“Doubt” and the Catholic Church


Tress and I have been getting DVD’s from the Blackburn “Video EZ” store on Canterbury Road. It’s a quiet store and a touch more pricey than the one on Burwood Highway. It is however, convenient in that it’s on the way of our regular routes now – to/from both Madam Kwong and St Alfred’s.

One of the movies we took last week (which we watched last night) was “Doubt” – a play like offering by a Pulitzer winning piece (someone named Shanley I think). Meryl Streep and Philip Seymour Hoffman were in it and they carried the dialogues exceptionally well. There was another character – a black boy’s mother – who also shone like a beacon and was mind-bogglingly pivotal in the movie, although she must have appeared for not more than 15-20minutes. The story was about a catholic church and the school which it ran. Streep was the school principal and Hoffman was the Father who was technically Streep’s boss. Streep was the archetypical mother superior type of character. Or maybe unfairly as I recall the mother superior in Sound of Music was very benevolent. Streep was simply the sort who acted on the premise of her personal standards of behaviour and thinks those standards are of the church. Her theology doesn’t seem to have room for the compassion and gentle but firm support that Hoffman’s character was full of. The nuances of homosexuality and paedophilia remained line balled – the viewer was never at any point sledge hammered into making a call. No evidence, traces of suggestions albeit thick, were all there is to it. Hence the title I guess.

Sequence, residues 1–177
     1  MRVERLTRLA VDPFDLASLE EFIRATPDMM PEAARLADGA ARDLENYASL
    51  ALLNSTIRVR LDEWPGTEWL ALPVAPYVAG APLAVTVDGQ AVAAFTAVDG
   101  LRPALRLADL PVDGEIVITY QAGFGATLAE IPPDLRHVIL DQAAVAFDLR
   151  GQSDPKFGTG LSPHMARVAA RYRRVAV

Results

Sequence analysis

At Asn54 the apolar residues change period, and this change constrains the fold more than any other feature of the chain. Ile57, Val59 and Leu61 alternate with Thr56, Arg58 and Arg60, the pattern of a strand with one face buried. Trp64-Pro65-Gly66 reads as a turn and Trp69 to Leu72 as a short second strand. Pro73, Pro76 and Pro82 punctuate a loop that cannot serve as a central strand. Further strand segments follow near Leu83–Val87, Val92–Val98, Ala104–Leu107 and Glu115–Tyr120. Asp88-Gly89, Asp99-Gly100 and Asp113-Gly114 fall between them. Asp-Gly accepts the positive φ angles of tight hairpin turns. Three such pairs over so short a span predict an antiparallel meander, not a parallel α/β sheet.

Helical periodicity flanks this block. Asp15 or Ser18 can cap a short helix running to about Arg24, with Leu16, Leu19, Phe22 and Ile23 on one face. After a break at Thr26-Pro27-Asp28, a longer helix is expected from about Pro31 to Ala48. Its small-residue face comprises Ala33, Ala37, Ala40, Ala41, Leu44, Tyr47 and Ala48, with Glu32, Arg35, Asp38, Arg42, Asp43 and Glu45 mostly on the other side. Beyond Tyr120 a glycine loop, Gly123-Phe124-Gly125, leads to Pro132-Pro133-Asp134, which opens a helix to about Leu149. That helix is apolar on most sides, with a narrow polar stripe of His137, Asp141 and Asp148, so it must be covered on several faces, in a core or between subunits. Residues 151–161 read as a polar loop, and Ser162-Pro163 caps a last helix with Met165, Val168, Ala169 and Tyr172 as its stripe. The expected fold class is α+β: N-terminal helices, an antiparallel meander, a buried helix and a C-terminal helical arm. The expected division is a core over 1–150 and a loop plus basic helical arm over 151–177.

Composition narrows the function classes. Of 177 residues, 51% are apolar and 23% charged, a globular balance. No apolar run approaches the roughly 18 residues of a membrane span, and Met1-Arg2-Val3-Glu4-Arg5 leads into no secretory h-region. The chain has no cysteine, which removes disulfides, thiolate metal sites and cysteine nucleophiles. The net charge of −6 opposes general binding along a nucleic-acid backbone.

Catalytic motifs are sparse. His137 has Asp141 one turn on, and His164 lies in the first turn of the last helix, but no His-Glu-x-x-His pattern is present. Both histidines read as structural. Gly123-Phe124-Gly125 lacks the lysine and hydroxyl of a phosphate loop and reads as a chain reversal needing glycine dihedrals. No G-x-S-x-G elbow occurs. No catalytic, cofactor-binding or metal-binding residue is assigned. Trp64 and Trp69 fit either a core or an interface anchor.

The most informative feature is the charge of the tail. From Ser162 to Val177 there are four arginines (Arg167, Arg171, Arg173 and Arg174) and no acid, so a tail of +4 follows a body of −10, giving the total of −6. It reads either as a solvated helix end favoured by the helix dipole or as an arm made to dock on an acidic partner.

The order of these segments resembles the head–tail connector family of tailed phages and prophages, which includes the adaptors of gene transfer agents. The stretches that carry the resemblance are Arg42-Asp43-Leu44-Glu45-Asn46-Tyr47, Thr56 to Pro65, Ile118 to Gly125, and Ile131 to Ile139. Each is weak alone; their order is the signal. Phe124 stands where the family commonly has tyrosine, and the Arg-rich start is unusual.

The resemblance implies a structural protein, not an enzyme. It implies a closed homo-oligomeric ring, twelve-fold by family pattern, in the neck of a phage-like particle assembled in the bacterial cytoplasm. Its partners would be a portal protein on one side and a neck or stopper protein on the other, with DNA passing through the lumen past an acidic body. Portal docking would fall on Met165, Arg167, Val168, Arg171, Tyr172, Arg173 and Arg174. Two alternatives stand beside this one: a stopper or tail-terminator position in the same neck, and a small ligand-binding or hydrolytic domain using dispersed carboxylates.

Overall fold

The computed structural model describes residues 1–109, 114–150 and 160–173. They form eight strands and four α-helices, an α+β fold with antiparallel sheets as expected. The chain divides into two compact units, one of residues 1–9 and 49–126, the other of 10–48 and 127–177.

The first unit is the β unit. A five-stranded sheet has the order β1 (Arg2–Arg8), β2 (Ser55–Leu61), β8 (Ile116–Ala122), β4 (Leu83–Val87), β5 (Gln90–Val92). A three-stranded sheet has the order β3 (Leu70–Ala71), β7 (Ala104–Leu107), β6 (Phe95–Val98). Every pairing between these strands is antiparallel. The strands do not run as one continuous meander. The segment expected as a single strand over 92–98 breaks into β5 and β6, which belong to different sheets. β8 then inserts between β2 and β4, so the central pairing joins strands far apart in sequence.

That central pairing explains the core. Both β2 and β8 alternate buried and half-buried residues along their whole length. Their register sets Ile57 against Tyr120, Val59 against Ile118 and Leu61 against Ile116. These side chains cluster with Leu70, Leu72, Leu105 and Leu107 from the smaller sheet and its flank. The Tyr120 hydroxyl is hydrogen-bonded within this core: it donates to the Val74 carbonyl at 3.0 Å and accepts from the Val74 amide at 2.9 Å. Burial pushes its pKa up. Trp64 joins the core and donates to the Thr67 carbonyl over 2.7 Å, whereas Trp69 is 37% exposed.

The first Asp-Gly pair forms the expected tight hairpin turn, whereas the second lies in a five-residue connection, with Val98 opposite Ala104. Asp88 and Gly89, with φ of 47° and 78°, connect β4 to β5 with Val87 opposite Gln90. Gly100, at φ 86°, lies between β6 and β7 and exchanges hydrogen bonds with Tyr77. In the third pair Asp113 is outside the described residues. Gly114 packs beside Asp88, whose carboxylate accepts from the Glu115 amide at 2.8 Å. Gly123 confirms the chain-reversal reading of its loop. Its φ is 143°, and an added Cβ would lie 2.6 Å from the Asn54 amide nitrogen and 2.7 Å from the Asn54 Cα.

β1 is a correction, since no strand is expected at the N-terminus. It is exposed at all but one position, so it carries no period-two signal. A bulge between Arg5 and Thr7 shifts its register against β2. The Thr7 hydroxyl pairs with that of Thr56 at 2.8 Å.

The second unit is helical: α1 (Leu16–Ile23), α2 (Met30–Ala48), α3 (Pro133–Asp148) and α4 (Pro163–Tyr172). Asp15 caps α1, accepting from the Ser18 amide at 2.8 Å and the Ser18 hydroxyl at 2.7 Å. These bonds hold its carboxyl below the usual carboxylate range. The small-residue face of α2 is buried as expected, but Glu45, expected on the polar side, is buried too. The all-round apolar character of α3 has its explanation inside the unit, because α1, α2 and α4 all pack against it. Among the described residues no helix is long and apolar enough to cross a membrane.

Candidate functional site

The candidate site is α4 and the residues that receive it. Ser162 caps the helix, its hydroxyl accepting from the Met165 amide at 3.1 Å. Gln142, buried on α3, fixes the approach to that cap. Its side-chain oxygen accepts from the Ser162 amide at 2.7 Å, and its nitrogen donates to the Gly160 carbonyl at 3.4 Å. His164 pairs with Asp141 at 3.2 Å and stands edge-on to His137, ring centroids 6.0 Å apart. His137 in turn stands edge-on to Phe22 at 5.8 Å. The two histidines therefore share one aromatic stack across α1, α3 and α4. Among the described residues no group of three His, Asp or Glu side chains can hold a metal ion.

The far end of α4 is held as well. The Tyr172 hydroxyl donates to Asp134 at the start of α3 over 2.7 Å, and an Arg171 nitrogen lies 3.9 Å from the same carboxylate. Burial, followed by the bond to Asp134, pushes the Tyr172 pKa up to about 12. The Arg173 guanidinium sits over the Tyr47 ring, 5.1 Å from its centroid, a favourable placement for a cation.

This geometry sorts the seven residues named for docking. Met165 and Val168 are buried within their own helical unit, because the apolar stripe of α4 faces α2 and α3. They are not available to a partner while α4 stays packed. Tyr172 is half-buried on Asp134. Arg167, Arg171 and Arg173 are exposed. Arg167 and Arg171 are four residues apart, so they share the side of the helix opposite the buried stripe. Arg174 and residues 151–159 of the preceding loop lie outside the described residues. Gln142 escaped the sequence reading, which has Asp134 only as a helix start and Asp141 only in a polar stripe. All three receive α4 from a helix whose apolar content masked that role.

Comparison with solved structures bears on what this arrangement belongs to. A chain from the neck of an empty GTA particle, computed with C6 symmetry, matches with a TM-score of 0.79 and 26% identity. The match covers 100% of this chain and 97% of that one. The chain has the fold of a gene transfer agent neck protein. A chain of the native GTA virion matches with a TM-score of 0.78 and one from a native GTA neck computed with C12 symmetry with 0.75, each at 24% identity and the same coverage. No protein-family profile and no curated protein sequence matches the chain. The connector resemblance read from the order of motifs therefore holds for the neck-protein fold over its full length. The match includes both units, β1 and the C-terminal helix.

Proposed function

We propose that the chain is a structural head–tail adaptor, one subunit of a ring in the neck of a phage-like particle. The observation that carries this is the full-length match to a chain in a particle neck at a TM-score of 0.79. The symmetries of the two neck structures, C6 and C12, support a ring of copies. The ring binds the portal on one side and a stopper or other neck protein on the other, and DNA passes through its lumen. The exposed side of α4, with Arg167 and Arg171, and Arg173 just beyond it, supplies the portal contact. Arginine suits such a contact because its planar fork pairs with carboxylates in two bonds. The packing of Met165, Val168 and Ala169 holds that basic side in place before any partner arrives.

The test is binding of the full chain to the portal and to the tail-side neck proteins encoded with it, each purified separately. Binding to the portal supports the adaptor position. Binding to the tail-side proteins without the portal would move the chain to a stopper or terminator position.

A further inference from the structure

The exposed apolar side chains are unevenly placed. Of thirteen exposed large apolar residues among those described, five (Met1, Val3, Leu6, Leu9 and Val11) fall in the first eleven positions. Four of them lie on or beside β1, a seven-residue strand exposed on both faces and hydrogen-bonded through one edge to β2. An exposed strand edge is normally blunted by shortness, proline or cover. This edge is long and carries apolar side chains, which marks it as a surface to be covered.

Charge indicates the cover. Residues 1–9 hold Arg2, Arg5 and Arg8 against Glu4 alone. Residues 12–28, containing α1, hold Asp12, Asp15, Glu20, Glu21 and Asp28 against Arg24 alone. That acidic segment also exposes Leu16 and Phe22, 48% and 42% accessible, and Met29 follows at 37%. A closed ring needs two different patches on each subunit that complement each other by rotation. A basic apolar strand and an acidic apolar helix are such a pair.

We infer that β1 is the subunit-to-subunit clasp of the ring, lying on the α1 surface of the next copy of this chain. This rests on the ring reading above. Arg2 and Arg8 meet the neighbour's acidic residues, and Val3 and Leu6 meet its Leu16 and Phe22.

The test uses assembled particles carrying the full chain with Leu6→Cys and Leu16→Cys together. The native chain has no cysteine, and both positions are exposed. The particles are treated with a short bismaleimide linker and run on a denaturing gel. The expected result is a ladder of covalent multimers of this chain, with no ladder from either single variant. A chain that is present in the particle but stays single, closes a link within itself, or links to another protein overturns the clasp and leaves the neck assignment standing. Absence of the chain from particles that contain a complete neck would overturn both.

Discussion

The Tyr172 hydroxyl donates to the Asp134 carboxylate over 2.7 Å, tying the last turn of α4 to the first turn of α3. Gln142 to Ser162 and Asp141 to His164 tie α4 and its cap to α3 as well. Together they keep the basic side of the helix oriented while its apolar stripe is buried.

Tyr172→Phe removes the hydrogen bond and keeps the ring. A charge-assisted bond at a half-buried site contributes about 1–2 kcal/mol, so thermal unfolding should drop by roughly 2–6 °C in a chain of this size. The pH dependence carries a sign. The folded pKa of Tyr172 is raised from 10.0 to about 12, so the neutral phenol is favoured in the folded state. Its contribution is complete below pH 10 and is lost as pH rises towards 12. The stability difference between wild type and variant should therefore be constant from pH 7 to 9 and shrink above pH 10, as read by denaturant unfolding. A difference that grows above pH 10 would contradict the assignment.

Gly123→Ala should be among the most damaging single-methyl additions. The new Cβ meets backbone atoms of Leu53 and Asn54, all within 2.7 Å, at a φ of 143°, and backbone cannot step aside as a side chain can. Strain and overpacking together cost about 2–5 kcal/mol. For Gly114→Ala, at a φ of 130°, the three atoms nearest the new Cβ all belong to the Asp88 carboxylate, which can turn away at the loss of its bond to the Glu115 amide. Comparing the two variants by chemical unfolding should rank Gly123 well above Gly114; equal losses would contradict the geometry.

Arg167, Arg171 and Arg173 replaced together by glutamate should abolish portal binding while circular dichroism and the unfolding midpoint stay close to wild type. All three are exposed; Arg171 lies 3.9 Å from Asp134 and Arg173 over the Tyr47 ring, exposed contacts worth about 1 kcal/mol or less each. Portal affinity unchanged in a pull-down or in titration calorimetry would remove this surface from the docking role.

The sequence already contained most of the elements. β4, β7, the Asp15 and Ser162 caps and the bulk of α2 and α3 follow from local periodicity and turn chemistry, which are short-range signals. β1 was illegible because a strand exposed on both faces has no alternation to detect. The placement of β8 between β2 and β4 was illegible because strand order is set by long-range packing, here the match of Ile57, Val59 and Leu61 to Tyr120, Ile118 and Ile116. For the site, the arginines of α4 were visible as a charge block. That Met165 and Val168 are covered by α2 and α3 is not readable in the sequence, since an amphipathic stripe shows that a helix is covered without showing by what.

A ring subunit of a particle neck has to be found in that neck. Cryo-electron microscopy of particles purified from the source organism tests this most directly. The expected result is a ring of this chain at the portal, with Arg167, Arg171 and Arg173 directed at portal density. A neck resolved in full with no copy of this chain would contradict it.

I loved the movie – loved the dialogues and the way viewers were invited in to have a look and think for themselves.

Coincidentally I was reading The Sydney Institute’s regular Friday offerings of Media Watchdogs, which has this extract:

These days, book reviewers in Fairfax Media newspapers are effectively syndicated.   Last Saturday, Gerard Windsor’s review of David Marr’s The Prince: Faith, Abuse and George Pell was carried in The Sydney Morning Herald, The Age and the Canberra Times.

The Catholic-born reviewer Gerard Windsor is a critic of the socially conservative Catholic Archbishop of Sydney. So it is not surprising that Windsor is broadly sympathetic to Marr’s depiction of Cardinal George Pell – asking the rhetorical question: “Has a more devastating portrait of a ‘respectable’, living, non-politician, Australian public figure ever been published?”  Good question.  Certainly Pell fares worse in this study than some Australian extant murderers and criminals whose lives have been depicted in biographies.